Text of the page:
School to refuse Ofsted entry in wake of head teacher suicide and calls for reform
A headteacher threatened to boycott an Ofsted inspection of her school on Tuesday following the death of another headteacher who took her own life after an inspection.
Flora Cooper, executive headteacher at John Rankin Infant and Nursery School in Berkshire, has said she plans to refuse inspectors entry.
The move follows the death of Ruth Perry, 53, principal at Caversham Primary School in Reading for 13 years, who took her own life after learning that Ofsted planned to downgrade her school from Outstanding to Inadequate.
Writing on social media, Ms Perry’s sister, Julia Waters, has suggested that school leaders should “boycott Ofsted until a thorough, independent review has been conducted and changes implemented”.
Ms Cooper told the website Schools Week she had informed Ofsted of her plans and felt “sorry” for the individual inspector, adding that it was “the system I’m fighting against”.
“I’m going to have the ‘ins and outs’ call with her at 1pm but tomorrow I’ve rallied for headteachers to come and join me and we’re going to refuse entry.
But on Monday evening The Telegraph understood that the inspection would be going ahead as planned.
The Education Act says that a chief inspector has right of entry to a school premises at “all reasonable times” when inspecting a school. Intentionally obstructing this is a crime which carries a maximum fine of £2,500.
Ms Cooper said she had informed Ofsted of her plans and felt “sorry” for the individual inspector, adding that it was “the system I’m fighting against”.
A school leaders’ union has now called for Ofsted to pause inspections in the wake of Ms Perry’s death.
Paul Whiteman, general secretary of school leaders union NAHT, said that Ms Perry’s death was “an unspeakable tragedy and it is clear that school leaders across the nation have been deeply affected by the news”.
He added that having spoken to Ms Perry’s family, he was aware of their determination that “something like this should never happen again”.
Mr Whiteman said that NAHT had long campaigned for reform of the inspection system, adding that it was “clear that school leaders up and down the country are placed under intolerable pressure by the current approach”.
“The anger and hurt being expressed currently by school staff is palpable. It is essential that all policymakers, including Ofsted, listen and respond,” he said.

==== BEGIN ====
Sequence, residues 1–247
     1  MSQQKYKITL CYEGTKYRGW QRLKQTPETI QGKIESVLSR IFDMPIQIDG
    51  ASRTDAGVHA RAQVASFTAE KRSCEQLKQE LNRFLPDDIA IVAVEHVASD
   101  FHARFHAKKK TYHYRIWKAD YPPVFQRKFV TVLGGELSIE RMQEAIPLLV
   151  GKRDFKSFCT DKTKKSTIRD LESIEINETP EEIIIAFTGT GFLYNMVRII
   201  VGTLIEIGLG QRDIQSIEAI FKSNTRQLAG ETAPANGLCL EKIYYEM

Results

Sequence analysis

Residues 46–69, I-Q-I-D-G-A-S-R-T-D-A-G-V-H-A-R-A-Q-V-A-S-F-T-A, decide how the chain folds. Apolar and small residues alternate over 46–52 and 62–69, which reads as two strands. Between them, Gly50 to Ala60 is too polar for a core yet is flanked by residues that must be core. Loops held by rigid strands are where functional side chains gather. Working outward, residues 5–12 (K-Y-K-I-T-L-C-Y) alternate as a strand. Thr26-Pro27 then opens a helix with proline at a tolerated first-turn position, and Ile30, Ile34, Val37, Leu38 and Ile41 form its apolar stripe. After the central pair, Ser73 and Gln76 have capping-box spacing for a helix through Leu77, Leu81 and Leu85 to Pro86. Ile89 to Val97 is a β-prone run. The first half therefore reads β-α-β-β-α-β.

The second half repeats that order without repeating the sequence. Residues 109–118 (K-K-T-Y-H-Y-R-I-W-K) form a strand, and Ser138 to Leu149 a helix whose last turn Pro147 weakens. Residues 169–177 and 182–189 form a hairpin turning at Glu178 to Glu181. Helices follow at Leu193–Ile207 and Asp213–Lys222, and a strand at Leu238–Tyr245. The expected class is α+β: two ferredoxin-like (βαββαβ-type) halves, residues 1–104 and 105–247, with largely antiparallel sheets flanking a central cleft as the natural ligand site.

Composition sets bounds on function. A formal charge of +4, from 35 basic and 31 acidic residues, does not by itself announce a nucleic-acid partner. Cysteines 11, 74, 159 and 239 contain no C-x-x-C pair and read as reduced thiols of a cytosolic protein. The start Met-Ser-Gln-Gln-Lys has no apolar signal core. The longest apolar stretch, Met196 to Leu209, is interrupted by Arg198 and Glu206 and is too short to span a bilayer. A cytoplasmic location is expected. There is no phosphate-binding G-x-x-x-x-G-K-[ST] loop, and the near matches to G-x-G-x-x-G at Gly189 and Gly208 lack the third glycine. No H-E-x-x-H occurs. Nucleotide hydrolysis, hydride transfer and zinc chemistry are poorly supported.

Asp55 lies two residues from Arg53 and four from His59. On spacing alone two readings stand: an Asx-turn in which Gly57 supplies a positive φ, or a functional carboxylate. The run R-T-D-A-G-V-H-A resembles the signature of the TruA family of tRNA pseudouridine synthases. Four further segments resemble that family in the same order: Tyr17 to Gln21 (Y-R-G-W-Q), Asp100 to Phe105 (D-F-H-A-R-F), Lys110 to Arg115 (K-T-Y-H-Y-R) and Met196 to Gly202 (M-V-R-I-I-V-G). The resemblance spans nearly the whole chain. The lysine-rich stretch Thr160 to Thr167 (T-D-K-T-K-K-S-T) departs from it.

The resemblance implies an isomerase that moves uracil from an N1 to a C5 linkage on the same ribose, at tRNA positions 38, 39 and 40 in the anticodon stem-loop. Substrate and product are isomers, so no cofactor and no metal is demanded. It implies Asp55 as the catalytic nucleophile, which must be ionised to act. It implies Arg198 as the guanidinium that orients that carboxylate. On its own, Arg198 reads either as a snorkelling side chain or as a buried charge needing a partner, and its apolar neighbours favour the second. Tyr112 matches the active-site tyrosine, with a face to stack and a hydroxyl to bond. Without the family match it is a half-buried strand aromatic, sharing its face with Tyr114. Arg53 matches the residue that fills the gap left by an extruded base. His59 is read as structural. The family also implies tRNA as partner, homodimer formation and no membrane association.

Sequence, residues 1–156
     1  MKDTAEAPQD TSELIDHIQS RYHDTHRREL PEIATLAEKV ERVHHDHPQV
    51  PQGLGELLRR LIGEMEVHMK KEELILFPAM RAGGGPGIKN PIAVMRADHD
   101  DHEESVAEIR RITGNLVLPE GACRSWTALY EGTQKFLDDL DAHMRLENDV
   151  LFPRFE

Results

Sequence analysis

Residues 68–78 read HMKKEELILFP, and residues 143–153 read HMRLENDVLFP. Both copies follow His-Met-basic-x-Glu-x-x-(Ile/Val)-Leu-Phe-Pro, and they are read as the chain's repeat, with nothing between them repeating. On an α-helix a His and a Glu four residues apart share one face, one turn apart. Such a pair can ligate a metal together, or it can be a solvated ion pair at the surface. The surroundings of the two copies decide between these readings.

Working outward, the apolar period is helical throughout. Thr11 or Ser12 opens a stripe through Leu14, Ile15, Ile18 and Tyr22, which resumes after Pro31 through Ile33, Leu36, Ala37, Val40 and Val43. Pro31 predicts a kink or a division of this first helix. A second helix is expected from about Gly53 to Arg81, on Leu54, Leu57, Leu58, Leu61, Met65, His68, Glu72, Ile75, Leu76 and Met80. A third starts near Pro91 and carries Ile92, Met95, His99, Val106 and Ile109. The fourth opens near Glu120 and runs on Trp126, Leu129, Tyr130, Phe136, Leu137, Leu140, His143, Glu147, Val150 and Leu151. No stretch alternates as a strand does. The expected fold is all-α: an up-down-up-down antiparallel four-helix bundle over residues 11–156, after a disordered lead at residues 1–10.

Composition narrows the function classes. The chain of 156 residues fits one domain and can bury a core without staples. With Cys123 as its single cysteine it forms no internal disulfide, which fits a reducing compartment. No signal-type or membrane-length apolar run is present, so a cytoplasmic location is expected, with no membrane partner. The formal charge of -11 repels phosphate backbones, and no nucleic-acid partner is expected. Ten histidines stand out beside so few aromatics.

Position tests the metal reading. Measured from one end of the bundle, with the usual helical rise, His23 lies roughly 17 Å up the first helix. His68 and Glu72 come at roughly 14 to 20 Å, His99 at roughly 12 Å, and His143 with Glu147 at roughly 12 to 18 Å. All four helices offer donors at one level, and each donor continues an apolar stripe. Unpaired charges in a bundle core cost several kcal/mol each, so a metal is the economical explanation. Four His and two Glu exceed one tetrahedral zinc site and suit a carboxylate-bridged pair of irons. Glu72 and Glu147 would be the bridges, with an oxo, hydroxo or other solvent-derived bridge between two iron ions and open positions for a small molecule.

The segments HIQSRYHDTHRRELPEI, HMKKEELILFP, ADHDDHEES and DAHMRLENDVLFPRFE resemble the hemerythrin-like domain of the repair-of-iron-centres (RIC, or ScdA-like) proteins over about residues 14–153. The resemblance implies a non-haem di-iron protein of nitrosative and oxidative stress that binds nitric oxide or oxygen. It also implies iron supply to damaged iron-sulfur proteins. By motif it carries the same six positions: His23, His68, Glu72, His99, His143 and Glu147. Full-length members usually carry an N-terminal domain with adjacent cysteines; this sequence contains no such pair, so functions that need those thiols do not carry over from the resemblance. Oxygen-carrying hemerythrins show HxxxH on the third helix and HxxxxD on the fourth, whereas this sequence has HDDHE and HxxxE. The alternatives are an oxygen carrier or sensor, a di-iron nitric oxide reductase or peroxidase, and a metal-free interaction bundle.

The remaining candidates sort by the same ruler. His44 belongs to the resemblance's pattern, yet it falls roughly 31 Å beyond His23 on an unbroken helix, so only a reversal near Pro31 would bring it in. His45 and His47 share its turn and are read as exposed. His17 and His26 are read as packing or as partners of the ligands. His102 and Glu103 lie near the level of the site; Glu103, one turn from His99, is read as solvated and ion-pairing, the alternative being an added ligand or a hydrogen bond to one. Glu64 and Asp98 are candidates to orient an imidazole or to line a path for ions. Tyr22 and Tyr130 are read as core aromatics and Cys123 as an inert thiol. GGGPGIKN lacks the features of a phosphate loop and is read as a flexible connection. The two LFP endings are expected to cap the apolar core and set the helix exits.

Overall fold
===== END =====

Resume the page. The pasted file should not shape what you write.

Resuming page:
“Given the strength of feeling and the need for a period of calm reflection, Ofsted should pause inspections this week.”
Ms Perry’s family told the BBC that the “caring” head was left a “shadow of her former self” following an inspection last November, which she had described as the “worst day of her life”.
On the first day of the inspection on Nov 15, she was told her school would be dropped from the highest grade to the lowest, her family said.
The Ofsted report, now published, found the school to be Good in every category except leadership and management, where the school was accused of poor record keeping and failings in employment checks which could have put children at risk, leading to the overall rating to be dropped to Inadequate.
Inspectors told staff they had seen a boy doing a dance popularised on social media which they viewed as evidence of the sexualisation of pupils, the BBC reported, while it was also alleged that inspectors reported witnessing child-on-child abuse, despite Ms Perry believing this was merely a playground scuffle.
Matthew Purves, Ofsted’s regional director for the South East, said: “We were deeply saddened by Ruth Perry’s tragic death. Our thoughts remain with Mrs Perry’s family, friends and everyone in the Caversham Primary School community.”
A spokesman for West Berkshire Council said: “Earlier today a head teacher announced her intention to refuse access to Ofsted inspectors tomorrow. We were not aware this was going to happen and we are now in conversation with relevant partners to find a way to resolve these issues. These discussions continue and we will provide a further update as soon as we can.
“We understand that the inspection process can be a busy and stressful time for teachers, governors and school staff. As a council, we work closely with all of our schools to support them through the inspection process and address any individual concerns.”